Debates and Uber and Frackers, Oh My!
Last week’s Republican Presidential debate was the highest rated in history, and was anything but “lacking in substance.” While the RNC and other establishment types want fewer of these events, they are utterly mistaken in that approach. Just as the sheer quantity of debates four years ago necessitated that the candidates get beyond soundbites and actually engage, the sheer numbers of people glued to their sets Thursday — for not one but two debates! — shows that Americans are hungry for just that.
The counter position is that exposing the candidates to greater scrutiny and forcing them to take strong positions makes them weaker in November.
Nonsense. More debates with more substance elevate the process: they include the American people, respect them, and give them a real say in their future. Don’t believe me? Ask yourself why the frontrunner changed repeatedly four years ago based on debate outcomes. And then ask yourself if the handful of wimpy, prepackaged “debates” in previous cycles could have — or ever did — accomplish anything.
Of course, the establishment wants predictable outcomes and “safe” nominees, and they certainly don’t want their chosen ones questioned by the rabble, much less forced to say something principled they can’t backtrack on later. Their wisdom has blessed us with such great two-term Presidents as Jerry Ford, Bob Dole, John McCain. Even Mitt Romney was doing great until he unilaterally disarmed in the final debate of 2012.
Ironically, over on RodMartin.org in a piece called “How to Beat Trump“, I show why this approach leaves the RINOs vulnerable to their worst nightmare.
Speaking of, Trump held his own pretty well, though his feud with Megyn Kelly is foolish and off-message (it also plays right into her hands, as she fully intended). There were several winners and you can read about that elsewhere, but I would like to highlight Mike Huckabee’s Wilberforce moment, in which he may have redefined the legal and political debate over abortion forever. Few will have noticed. But that’s frequently how revolutions begin.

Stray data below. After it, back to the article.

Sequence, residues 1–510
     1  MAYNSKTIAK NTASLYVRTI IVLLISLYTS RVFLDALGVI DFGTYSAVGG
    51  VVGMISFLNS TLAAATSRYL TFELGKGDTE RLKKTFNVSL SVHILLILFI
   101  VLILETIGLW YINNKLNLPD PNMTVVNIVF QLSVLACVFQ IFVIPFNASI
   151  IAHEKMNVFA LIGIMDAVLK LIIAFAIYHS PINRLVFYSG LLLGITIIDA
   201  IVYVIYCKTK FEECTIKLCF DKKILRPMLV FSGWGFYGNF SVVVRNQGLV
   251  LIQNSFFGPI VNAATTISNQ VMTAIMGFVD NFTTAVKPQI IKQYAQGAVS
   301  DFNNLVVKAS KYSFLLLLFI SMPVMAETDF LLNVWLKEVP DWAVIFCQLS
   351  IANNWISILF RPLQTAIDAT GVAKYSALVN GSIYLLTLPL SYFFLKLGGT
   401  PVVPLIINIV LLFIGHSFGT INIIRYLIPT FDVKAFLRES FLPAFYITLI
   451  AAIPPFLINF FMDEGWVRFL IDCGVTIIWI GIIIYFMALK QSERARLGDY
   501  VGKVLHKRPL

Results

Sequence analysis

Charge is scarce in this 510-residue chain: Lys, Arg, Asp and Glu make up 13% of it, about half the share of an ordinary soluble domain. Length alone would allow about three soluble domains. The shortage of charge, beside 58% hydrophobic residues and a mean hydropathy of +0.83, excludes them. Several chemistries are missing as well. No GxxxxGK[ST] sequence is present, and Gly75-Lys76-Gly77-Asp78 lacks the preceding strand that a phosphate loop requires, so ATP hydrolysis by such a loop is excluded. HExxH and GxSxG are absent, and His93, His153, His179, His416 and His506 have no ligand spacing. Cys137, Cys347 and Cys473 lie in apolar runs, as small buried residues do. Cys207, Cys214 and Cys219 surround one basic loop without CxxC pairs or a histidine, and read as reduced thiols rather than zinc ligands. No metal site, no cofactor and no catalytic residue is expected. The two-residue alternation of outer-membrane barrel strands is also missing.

On a completely different note, U.S. frackers have now officially nuked OPEC. Yes folks, it turns out that fracking is not unviable at sub-$60 oil: in fact, drilling costs are down 50%, with another 30% reduction expected. And while a lot of people are fretting about U.S. rig counts being down, what they’re missing is that U.S. production keeps going up: right now, it’s at a 43-year high.
To quote Ambrose Evans-Pritchard, “OPEC now faces a permanent headwind. Each rise in price will be capped by a surge in US output.” And that’s a problem, particularly for Saudi Arabia, which is burning through its currency reserves like a compulsive gambler playing craps. Their fiscal break-even price is $106 a barrel. Even if that number ever comes around again (and the Iran deal helps ensure that won’t happen), it will just ramp up the frackers even further.
This is what you call a death spiral.
But it’s the exact opposite for us. Before the fracking revolution, America was sending close to $800 billion (with a “b”) overseas every year just for oil. Increasingly, that can now stay home, creating jobs and cutting costs. All that money was funding Russian, Venezuelan and Arab foreign adventures: now they’re all reeling.
Just two Presidential elections ago — and for my entire lifetime before that — the talk was of “peak oil” and “limits to growth.” I said long before fracking that that was bunk. Such shortage as ever existed was always a matter of artificial restrictions and as-yet-uninvented technology. And new technology is always being invented.